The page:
In Unitarian-Universalism, we gather ourselves and our faith around seven Principles. Our Principles are not religious dogma in content. They are ethical principles in that they embody rather explicitly the things we value. They allow us to bring stories and content both religious and otherwise to them to help us reflect on how to live their wisdom. As such, they are or can be points of return for us. I think of points of return as those places, ideas, people and memories to which we return to find our center, to find our moorings, to find the clarity we need in order to make decisions, to move forward, to create.
7th Principle: Respect for the interdependent web of all existence of which we are a part.
In our weekly welcoming words at the Unitarian Universalist Congregation of Gwinnett, members and visitors alike will hear these words:
Wherever you are on your life’s journey, whether you believe in the god, the goddess, many gods, no god, god in all things or all things in god; if you are spiritually wounded and seeking refuge or celebrating the present moment, you are welcome here.
Those words were crafted with the seventh principle in mind. We know that people have a variety of experiences that we call things like community, communal, transcendent, spiritual, interpersonal, religious, numinous, altered-state, cosmic, holistic, generative, personal, redemptive, grace-filled, salvific as well as others.
Long ago I was given the insight that theology is anthropology. That is, what we know, think, experience and believe about being human reflects, always, into any and everything that we know, think, experience and believe about the Ultimate.
As I sit writing this, I am looking out the window at the woods behind our house. The afternoon sun is touching the leaves of the still green trees at an angle that communicates to me that the end of the day is near. Butterflies feast on the flowers in our yard. Birds are scampering from limb to limb. I know that a myriad of processes are taking place in this vista: photosynthesis, decomposition, fertilization, and feeding, to name a few. Just as I wrote that last phrase, I heard the katydids begin their evening song. I also feel a presence, a livingness, a vibrancy that is rushing through and sustaining all of this that I can see, hear, and smell.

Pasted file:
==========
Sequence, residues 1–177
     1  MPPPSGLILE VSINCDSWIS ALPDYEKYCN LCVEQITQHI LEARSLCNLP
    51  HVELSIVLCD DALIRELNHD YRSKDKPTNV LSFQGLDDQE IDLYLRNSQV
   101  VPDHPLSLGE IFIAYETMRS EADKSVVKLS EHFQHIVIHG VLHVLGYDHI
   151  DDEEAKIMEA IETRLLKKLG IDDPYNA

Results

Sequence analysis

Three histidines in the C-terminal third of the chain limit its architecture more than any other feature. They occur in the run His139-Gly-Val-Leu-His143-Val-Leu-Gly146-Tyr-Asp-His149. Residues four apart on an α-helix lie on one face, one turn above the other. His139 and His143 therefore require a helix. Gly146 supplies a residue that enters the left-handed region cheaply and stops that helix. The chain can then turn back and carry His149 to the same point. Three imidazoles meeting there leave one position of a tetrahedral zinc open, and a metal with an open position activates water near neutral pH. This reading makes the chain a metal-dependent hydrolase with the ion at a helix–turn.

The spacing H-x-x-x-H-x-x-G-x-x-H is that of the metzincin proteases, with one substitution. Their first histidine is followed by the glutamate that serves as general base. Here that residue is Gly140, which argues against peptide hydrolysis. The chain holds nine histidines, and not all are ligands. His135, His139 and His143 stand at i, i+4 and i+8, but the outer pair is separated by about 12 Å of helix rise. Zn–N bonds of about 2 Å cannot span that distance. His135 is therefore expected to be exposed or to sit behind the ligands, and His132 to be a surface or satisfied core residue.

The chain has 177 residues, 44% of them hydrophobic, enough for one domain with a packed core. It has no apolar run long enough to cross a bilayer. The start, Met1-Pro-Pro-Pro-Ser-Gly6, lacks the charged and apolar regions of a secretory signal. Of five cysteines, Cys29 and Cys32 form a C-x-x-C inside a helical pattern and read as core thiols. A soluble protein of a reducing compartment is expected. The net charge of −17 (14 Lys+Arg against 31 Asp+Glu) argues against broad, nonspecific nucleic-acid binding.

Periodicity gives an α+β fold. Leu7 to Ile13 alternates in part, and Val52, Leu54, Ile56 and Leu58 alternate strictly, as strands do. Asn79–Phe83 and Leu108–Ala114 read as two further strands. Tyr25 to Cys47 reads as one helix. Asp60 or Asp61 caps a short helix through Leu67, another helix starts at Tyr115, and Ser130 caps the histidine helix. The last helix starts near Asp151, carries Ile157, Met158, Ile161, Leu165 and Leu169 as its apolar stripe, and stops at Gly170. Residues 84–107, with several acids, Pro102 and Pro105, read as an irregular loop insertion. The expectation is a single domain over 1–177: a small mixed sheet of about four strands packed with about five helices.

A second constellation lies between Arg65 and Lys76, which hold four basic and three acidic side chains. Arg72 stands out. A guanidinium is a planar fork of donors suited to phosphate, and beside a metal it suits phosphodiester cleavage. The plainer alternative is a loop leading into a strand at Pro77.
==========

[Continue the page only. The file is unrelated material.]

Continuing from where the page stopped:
What to call it? Organic process. Nature. The Goddess. The God. Spirit. Life. The Interdependent Web of all Existence.
Of which we are a part.
I am so glad that this principle is the last one in our list. It is, for me, the ultimate return. Wherever I turn, the Interdependent Web is always there. When I look out on these woods, the Web is there. I am a part. When I go with my beloved family on our visits to New York City and I am caught in the near shoulder to shoulder crowd on the streets, the Web is there. I am a part. When I walk into my classroom and students fill it up, the Web is there. I am a part. When I touch another human hand, hold my beloved pet, smell a flower that grows in my yard, catch sight of a cloud in the sky, see the tear form in another’s eye, hear the sound of a child’s curiosity, see the man on the side of the road with the sign–homeless, need help: The Web is there.
I am a part.
Beautiful expression of the web of life